The nineties are back! That's the general takeaway from a crop of trend pieces responding to two new releases this week, one that piggybacks on the popularity of a late nineties hit and another that is one. As all sentient beings know by now, James Cameron's "Titanic" reemerges in theaters for its 15th anniversary with a spiffy 3-D makeover, while "American Reunion" resurrects the horny franchise that first made its mark with "American Pie" in 1999.
The cheerful perseverance of both "Titanic" and "American Pie" suggest that Hollywood output was especially strong during the final quarter of the Clinton era. However, the attention being paid to these two stalwarts has yet to acknowledge a third artifact of the nineties whose resilience is evident in theaters: A supremely distinctive creative force known as Whit Stillman.
Until Stillman finally returned to directing with his fourth and latest feature, "Damsels in Distress," his entire output was defined by the nineties, culminating with his most refined and insightful work, "The Last Days of Disco," released in 1998. Sandwiched on the release calendar between "Titanic" and "American Pie," the third entry in Stillman's loose trilogy of overpriviledged young Americans bemoaning their existence proved far more prescient than the other two movies.
Whereas "Disco" touches on specific generational yearning, it made no grand statements about the filmmaking practice itself. By contrast, "Titanic" and "American Pie" are predicated on the search to make movies with mass audience appeal.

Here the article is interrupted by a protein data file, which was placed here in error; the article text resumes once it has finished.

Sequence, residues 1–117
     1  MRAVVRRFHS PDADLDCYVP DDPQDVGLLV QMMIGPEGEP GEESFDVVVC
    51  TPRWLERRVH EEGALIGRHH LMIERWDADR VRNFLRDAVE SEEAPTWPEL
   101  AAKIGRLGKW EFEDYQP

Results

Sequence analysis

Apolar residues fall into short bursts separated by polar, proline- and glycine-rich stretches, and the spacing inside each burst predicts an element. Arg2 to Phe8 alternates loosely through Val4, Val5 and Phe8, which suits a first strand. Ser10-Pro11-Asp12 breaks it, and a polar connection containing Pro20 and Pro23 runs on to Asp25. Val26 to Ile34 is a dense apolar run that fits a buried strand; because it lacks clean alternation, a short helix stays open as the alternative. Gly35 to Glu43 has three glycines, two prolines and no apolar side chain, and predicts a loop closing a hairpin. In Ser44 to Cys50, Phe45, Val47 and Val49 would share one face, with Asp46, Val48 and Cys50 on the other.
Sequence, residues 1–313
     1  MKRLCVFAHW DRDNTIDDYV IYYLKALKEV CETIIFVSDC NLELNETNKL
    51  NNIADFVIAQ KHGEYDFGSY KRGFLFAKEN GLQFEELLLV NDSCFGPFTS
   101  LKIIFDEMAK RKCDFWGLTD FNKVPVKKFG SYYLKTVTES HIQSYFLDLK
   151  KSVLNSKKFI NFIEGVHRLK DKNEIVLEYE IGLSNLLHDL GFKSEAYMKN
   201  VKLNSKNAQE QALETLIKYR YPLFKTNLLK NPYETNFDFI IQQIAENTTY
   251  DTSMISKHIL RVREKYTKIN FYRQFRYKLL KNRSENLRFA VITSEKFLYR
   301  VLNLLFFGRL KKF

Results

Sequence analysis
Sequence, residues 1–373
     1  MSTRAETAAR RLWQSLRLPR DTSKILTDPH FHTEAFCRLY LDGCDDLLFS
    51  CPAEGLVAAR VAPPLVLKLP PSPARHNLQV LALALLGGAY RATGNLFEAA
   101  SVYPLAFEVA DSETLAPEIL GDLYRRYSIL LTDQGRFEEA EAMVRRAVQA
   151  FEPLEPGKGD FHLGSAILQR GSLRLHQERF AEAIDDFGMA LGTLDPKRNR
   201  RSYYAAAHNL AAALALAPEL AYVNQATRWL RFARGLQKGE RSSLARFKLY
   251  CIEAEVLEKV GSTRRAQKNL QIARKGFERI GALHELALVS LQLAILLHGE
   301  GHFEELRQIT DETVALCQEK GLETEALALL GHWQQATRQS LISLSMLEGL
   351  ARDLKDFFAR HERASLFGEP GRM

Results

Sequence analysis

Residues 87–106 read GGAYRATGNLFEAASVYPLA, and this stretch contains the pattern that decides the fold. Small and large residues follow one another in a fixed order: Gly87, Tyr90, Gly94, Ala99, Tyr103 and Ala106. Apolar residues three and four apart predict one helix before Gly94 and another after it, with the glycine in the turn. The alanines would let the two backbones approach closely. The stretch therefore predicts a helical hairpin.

"Titanic" can be seen as a culmination of several Hollywood traditions from multiple eras, from the glory days of large-scale Cecil B. DeMille epics to the glamorous production design of MGM musicals and explosive disaster pictures of the late 1970s. Lumping it all together into a single, spectacular whole, "Titanic" signaled a major moment in the evolution of the blockbuster by typifying so many versions of it. Virtually every studio tentpole since then has fought to replicate its success.
Although not a tragic romance with A-list stars and Oscar validation, "American Pie" also helped establish a certain kind of studio model for its genre: raunchy escapism with the clumsy embodiment of the male libido rendered as the ultimate anti-hero -- a tradition that later evolved into the bromance.
"Titanic" and "American Pie" achieved the consumerist goals driving their creation. In the memories of young adults first exposed to the movies as teenagers (many of whom have contributed to the wave of nostalgic remembrances published this week), the two movies were major historical moments. Studios continue to exploit their lasting effects, but that should not erase their flaws.